any hurry to put in ,his formal claim
to the  title.     ,
A confidential clerk, of as old a
fashion as his master, received Mannering, and with a grave earnestness
ushered him into the presence of the
lawyer. ' ,
Mr. Tressider came to meet him
with outstretched hand, and exclaimed with intense satisfaction and
"Lord Lcsborough! At last! How
do you do? I need scaicely say that
T am glad to see you! My advertisement will be sufficient proof of
that "
"I've seen none," said Mannoring.
"I've been abroad—been wrecked. I
heard the—tho bad news for the first
time last night, from my friend. Sir
Charles Letchford—"
Mr. Tressider nodded; he had a nod
which Lord Butleigh would not have
been ashamed to own.
"Quito so; quite so! I have the
honor of Sir Charles Letchford's acquaintance. So, of course, you know
the—er—sad circumstances nhich have
placed you in possession of the title.
Very sad; very sad! But I am very
glad to see you, my lord."
The title was still strange to Mannering and he moved uneasily.
"All the more glad,", continued the
old lawyer, "because at one time we
almost feared that you' had ^com-
pletely • disappeared, in fact, were
lost.     Of   course,-'..-we   heard  . of  the
■ wreck of the Alpina. I am so rejoiced you were saved! I have done, the
best I could during your absence, and
1 think the business of the estate has
been- carried  on ' as you  would    have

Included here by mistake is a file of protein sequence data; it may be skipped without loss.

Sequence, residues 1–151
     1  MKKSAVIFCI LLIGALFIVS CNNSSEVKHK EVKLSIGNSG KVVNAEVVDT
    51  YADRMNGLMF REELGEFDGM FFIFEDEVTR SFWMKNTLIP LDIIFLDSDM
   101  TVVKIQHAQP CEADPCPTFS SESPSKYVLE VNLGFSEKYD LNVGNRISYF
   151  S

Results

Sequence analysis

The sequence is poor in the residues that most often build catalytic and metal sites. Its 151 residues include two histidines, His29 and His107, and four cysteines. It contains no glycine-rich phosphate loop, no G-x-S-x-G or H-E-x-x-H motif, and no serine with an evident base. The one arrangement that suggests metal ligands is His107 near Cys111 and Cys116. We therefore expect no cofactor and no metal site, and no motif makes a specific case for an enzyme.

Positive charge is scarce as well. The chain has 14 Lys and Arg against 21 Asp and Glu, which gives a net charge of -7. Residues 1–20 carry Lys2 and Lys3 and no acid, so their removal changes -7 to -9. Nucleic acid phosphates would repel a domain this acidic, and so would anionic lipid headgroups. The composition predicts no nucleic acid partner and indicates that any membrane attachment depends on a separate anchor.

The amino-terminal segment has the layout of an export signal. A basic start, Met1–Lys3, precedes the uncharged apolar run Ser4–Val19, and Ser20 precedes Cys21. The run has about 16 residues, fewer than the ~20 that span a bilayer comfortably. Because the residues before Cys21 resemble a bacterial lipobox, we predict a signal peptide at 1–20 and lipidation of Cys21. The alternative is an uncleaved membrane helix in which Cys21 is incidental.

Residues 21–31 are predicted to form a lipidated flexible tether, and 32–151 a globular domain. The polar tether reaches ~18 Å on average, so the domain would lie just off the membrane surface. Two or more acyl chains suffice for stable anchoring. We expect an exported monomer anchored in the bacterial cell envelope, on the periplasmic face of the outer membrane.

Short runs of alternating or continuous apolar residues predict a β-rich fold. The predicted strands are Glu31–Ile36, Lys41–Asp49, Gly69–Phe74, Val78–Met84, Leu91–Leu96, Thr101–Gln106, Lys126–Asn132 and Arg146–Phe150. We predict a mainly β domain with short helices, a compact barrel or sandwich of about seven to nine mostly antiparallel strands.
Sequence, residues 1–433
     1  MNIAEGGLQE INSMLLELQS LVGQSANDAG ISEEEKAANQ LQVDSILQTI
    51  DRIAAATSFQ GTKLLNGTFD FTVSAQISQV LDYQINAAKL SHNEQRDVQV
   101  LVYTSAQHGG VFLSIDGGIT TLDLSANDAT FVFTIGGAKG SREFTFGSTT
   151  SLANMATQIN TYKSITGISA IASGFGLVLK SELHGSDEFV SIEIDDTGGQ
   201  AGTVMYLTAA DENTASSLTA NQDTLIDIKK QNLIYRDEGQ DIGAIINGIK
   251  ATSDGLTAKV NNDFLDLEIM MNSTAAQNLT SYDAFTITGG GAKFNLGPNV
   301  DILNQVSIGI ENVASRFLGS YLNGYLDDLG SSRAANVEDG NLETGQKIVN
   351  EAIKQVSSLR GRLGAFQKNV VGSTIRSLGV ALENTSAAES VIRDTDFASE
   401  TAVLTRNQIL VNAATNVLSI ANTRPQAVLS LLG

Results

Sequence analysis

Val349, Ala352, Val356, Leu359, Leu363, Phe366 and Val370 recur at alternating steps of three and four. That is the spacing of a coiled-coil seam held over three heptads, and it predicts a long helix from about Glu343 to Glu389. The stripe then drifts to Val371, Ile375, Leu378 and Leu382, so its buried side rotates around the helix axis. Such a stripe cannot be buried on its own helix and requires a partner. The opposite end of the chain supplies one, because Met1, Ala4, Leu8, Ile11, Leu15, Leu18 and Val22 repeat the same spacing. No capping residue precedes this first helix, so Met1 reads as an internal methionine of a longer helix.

■ wished it to be "
You cannot be expected to have faj'Ji in
Shiloh's Consumption Cure, tlie Lung
Tonic, as a cute for Colds, Coughs and all
diseases of the air passages, if you have
not tried it. We have faith in it, and we
guarantee it. If it doesn't cure you it costs
you nothing, lf it docs it costs you 25c
That's fair. Try it to-day.
Shilch has cured many thousands of the
most obstinate cases., and we do not hesitate
to say that it will cure any Cold, Cough,
Throat or Lung trouble. If we did not
believe tills we would not guarantee it.
Shiloh has had an unbroken iccord of
success for thirty years. It has stood
every possible test without failure.   Further
is found in the many testimonials of those
who have tried Shiloh Jand been cured.
Mrs. Archie Taylor, Asaph, Pa., writes:—
"IJjought a bottle of Shiloh'i Consumption Cure
ana found it very beneficial. 1 havetwo 'cnrldrcn,
''and they had a terrible cough. 1 ca^e them
everything 1 could think of,, butthry Rot no betler,
until one evening my husband bought a bottle ot'